A way to compare floating point values

if(0.3==0.2) ...

You shouldn't do that of course. But there is a nice workaround if you are satisfied with the numbers being within some defined epsilon proximity. A way to do this is to get the difference between them and compare it to some chosen epsilon. If it is less, declare them equal.

if(std::fabs(0.3-0.2)<1e-10) ...

But this looks nothing like comparing for equality. Also, good luck changing that epsilon consistently in a couple of years. Instinctive reaction when making something more managable is to make a function out of it.

bool equals(double v1, double v2, double eps=1e-10) { 
   return std::fabs(v1-v2)<eps; 
if(equals(0.3, 0.2, 1e-10)) ...

Better, but try reading it aloud. It's how a robot from 60's science fiction would speak. And which number is epsilon? (I take that back. It's obvious in this case, but I insist it will not always be.)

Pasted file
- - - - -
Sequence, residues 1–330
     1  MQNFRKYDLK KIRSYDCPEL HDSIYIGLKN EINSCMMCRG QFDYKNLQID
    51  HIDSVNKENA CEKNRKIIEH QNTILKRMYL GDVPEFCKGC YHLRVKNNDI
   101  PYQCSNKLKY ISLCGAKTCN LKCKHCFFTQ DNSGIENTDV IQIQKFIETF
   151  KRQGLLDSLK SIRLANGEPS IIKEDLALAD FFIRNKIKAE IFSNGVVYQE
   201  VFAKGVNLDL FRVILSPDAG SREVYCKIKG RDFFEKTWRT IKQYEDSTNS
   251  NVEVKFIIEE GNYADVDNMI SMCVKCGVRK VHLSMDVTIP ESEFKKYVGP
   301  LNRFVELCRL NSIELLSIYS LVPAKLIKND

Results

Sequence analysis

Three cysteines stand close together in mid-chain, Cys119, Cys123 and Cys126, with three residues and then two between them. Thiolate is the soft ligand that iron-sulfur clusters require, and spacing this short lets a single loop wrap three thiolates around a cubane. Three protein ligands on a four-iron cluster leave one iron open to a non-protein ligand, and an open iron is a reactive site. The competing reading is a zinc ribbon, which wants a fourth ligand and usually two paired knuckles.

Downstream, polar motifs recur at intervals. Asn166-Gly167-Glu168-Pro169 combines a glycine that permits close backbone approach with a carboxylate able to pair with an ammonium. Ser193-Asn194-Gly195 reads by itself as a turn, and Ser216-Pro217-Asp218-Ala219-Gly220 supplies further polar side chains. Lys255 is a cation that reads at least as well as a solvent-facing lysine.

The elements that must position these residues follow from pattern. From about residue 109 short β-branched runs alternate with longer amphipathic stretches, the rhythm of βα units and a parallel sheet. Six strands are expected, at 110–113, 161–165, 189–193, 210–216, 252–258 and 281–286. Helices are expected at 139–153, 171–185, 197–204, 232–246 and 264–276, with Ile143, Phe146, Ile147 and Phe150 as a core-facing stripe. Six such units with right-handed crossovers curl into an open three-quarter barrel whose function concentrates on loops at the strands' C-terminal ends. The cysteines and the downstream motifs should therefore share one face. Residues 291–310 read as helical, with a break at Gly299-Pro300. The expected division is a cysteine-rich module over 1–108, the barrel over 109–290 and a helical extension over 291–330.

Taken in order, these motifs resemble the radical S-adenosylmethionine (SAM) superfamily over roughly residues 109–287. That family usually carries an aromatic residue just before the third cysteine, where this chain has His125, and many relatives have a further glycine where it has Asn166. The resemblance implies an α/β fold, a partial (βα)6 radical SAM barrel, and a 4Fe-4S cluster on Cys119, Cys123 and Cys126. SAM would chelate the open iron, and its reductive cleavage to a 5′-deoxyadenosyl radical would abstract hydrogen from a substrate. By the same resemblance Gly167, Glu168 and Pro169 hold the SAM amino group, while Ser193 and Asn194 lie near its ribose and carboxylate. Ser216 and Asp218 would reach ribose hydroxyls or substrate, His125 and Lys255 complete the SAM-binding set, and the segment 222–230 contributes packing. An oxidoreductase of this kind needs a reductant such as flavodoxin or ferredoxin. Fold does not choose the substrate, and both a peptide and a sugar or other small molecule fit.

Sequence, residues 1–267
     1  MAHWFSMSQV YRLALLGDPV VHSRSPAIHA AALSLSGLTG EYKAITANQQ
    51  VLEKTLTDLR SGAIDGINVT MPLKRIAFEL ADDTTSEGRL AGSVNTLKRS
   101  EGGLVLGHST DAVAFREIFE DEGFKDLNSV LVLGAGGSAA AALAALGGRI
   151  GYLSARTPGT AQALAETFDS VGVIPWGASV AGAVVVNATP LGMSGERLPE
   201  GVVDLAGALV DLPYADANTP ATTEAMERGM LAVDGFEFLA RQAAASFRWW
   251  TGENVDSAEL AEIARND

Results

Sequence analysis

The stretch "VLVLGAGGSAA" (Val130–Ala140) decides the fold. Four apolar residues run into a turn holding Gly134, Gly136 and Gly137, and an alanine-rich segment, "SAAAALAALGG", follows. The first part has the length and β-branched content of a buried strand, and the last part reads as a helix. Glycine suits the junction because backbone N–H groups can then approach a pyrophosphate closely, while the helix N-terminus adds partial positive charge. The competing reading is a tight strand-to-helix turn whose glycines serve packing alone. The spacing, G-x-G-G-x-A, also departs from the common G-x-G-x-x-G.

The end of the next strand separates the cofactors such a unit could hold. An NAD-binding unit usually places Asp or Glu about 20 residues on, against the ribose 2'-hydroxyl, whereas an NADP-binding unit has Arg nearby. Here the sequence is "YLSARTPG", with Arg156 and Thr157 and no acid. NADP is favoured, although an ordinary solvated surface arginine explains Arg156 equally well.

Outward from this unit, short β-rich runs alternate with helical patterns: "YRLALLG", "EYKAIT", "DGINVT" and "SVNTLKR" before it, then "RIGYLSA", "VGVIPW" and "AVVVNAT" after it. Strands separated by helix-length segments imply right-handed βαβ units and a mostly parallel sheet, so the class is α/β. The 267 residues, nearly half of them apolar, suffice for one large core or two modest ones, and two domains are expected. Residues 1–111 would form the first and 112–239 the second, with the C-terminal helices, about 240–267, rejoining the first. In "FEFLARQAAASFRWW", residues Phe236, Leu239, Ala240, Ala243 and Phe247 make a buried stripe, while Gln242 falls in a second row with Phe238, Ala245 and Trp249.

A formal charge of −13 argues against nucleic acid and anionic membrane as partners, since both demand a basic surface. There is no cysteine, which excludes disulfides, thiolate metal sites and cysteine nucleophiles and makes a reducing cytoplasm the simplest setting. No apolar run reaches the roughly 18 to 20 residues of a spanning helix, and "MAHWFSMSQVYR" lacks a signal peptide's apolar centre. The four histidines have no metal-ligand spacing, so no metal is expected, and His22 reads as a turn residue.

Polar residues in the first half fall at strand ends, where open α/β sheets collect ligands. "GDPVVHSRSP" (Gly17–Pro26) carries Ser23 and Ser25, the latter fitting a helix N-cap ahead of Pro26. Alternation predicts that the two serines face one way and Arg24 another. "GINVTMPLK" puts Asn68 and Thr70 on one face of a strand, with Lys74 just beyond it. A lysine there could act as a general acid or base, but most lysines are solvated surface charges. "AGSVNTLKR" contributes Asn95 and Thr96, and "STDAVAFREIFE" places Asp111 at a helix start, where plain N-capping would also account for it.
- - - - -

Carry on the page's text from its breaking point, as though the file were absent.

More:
Consider instead the following draft of a class:

class dbl
   double m_val;
   explicit dbl(double val) : m_val(val) {};
   dbl equals(double val) {
      return dbl(m_val-val);
   bool within_epsilon(double eps = 1e-10) {
      return std::fabs(m_val) <= eps;
if(dbl(0.3).equals(0.2).within_epsilon(1e-10)) ...

Yes, it's a builder pattern for building the simplest of all data types, but the meaning couldn't be clearer and it reads like a poem! But ... performance, you say. I measured. With my setup, they all equally take just over 100 CPU cycles.

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